10. [Features of the sanitary-educational work in opisthorchiasis under conditions of migration pressure in an endemic region].

    PubMed

    Pustovalova, V Ia

    2002-01-01

    Under migration pressure, sanitary educational work is ineffective in the endemic area: newcomers' awareness of opisthorchiasis does not improve as their residence prolongs, the number of persons who recognize the harm of eating of raw fish and meat is increased. Hygienic education of newcomers is late and done only among a part of their contingent. Its unconvincing character is confirmed by late referral of those infected for being treated and struck off the register. Attention to the local population is being relaxed, which determines the low level of knowledge of what measures should be also made to prevent infection in this contingent which is an additional channel of information for new comers. The established epidemic situation in the opisthorchiasis-endemic area is largely determined by the fact that medical specialists know this problem badly.

  11. The acceptability and effectiveness of a polyester drinking-water filter in a dracunculiasis-endemic village in northern region, Ghana.

    PubMed

    Olsen, A; Magnussen, P; Anemana, S

    1997-01-01

    In the global effort to eradicate dracunculiasis (guinea-worm disease) one of the main tools is the use of filters for filtering unsafe drinking-water. The expensive and high-quality monofilament nylon filters, which for many years were donated to all dracunculiasis-endemic countries, are now mainly reserved for highly endemic countries. Polyester cloth is less expensive, and we investigated the user acceptability and effectiveness of this material as a drinking-water filter in a dracunculiasis-endemic village in Northern Region, Ghana, over a 3-month period. The polyester cloth completely retained the stages of copepods that are responsible for transmitting dracunculiasis. Over the 3-month study period a majority of respondents found that the new cloth was superior to the nylon filter with regard to strength (83%), filtering time (80%), and the ease with which the filter could be cleaned (87%). Inspection revealed that the filters were used intensively and that the new cloth was damaged after 2-3 months of use, which is also the case for the monofilament nylon filters.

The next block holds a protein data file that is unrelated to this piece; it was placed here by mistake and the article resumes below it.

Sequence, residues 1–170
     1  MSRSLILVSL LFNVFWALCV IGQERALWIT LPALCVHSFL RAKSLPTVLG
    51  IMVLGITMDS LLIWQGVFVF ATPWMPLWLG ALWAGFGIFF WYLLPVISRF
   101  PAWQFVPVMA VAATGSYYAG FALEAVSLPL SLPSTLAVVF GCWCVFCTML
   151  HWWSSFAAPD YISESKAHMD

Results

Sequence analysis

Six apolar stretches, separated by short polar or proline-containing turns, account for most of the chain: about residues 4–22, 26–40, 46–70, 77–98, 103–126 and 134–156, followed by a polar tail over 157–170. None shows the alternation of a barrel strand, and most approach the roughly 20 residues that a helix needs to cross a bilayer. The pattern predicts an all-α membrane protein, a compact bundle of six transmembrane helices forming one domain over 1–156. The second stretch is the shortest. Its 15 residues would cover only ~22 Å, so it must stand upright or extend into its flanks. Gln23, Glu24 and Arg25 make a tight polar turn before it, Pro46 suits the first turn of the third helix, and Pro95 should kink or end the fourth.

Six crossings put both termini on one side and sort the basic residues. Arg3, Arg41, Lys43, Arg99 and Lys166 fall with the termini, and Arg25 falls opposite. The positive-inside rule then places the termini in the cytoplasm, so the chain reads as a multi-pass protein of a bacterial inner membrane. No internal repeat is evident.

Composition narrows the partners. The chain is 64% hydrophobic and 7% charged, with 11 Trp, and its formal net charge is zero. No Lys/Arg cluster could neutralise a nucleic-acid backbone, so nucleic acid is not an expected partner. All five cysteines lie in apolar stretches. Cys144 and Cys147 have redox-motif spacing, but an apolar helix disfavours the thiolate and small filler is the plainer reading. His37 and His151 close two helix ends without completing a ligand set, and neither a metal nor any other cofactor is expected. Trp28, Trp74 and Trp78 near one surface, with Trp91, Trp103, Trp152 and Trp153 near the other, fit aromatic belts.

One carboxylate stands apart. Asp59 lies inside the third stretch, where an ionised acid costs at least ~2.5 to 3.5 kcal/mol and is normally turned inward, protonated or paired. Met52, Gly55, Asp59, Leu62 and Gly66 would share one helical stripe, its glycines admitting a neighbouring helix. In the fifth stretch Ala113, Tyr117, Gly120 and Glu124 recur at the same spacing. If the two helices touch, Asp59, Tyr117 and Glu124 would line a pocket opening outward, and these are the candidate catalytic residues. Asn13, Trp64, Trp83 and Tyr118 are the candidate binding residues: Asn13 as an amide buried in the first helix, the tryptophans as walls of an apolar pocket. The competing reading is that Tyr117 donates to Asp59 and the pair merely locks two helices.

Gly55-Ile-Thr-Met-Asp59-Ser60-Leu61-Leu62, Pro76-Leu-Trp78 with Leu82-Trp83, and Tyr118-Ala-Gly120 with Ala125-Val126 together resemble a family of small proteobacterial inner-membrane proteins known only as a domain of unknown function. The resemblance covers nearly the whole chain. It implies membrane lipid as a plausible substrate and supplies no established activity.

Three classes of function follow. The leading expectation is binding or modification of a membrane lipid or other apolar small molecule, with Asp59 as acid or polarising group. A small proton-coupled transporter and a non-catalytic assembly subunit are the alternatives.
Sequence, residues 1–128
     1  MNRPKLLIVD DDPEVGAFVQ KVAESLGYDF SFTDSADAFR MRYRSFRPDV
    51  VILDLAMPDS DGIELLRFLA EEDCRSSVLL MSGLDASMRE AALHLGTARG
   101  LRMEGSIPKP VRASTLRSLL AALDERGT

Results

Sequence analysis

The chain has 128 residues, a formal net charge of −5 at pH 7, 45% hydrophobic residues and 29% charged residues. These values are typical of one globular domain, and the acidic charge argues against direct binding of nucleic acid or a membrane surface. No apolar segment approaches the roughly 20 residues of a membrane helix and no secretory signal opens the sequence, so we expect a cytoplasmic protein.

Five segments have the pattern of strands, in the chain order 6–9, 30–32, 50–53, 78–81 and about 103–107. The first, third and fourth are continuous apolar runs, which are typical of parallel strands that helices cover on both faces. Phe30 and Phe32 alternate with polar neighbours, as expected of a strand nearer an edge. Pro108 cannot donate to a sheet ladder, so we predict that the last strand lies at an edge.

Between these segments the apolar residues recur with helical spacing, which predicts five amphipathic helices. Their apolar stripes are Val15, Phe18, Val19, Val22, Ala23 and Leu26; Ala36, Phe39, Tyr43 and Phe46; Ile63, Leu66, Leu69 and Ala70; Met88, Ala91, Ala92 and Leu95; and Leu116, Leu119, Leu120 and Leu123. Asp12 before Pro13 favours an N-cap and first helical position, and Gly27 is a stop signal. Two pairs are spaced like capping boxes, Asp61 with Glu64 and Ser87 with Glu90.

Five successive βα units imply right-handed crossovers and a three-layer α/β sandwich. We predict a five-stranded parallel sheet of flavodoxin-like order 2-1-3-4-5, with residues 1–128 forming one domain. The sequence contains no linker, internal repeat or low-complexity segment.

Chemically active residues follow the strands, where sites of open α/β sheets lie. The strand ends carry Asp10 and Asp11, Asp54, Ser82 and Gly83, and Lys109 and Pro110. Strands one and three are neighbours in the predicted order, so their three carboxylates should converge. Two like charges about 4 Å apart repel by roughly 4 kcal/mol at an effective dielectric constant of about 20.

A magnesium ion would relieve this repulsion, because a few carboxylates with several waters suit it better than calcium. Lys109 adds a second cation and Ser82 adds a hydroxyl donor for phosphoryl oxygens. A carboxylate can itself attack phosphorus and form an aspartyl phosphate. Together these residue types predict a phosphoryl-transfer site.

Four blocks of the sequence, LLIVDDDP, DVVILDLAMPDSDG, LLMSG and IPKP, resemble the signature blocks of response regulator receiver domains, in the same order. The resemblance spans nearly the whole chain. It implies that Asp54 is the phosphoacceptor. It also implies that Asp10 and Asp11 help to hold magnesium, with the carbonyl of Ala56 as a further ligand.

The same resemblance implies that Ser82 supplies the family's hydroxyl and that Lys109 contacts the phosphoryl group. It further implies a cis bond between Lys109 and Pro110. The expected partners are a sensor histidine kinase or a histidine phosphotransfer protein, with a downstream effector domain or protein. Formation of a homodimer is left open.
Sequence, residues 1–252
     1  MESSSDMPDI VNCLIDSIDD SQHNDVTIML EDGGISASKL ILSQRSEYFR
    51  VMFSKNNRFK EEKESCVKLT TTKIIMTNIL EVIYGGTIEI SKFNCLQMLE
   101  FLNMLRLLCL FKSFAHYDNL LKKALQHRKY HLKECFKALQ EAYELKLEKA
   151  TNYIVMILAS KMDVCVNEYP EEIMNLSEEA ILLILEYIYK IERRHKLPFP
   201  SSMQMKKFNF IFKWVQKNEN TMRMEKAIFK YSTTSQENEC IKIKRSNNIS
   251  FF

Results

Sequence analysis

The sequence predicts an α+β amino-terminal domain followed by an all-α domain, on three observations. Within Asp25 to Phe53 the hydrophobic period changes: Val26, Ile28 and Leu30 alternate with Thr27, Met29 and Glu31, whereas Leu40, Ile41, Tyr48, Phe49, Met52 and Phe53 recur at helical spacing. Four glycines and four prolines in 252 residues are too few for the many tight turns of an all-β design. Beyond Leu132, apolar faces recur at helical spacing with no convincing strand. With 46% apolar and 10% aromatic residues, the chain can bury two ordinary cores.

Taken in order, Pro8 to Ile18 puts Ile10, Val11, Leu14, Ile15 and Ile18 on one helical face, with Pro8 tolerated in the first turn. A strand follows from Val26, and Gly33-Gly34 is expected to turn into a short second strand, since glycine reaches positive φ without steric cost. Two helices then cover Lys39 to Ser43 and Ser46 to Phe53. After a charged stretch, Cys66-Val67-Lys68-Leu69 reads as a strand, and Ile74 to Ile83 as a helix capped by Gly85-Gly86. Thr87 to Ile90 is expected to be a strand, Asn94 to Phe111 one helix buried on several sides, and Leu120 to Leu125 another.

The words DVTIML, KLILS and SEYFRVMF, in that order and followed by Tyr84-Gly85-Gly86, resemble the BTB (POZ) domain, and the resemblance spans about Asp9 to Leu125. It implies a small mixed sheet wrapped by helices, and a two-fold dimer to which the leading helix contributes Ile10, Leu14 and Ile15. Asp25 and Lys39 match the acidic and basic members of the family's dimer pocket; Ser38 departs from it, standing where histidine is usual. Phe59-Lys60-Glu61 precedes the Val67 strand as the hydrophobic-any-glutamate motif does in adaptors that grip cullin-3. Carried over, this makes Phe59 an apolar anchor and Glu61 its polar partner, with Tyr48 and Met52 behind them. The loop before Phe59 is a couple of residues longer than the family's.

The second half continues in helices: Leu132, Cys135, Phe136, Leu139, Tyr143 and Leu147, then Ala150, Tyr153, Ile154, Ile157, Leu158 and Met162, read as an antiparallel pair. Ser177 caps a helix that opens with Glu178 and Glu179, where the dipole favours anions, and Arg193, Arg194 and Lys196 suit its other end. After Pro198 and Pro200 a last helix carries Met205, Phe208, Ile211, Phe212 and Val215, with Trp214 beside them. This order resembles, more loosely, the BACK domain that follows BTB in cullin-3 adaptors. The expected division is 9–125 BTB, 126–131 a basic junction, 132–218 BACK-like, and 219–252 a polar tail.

12. Leishmania infection and host-blood feeding preferences of phlebotomine sandflies and canine leishmaniasis in an endemic European area, the Algarve Region in Portugal.

    PubMed

    Maia, Carla; Dionísio, Lídia; Afonso, Maria Odete; Neto, Luís; Cristóvão, José Manuel; Campino, Lenea

    2013-06-01

    The Algarve Region (AR) in southern Portugal, which is an international tourist destination, has been considered an endemic region of zoonotic leishmaniasis caused by Leishmania infantum since the 1980s. In the present study, phlebotomine and canine surveys were conducted to identify sandfly blood meal sources and to update the occurrence of Leishmania infection in vectors and dogs. Four sandfly species were captured: Phlebotomus perniciosus, Phlebotomus ariasi, Phlebotomus sergenti and Sergentomyia minuta. In one P. perniciosus female, L. infantum DNA was detected. Blood meal tests showed that this species had no host preferences and was an opportunistic feeder. An overall canine leishmaniasis (CanL) seroprevalence of 16.06% was found; the seroprevalence was 3.88% in dogs housed in kennels and 40.63% in dogs that attended veterinary clinics. The simultaneous occurrence of dogs and P. perniciosus infected with L. infantum in the AR indicates that the region continues to be an endemic area for CanL. Our results reinforce the need for the systematic spatial distribution of phlebotomine populations and their Leishmania infection rates and the need to simultaneously perform pathogen monitoring in both invertebrate and vertebrate hosts to investigate the transmission, distribution and spreading of Leishmania infection. PMID:23827997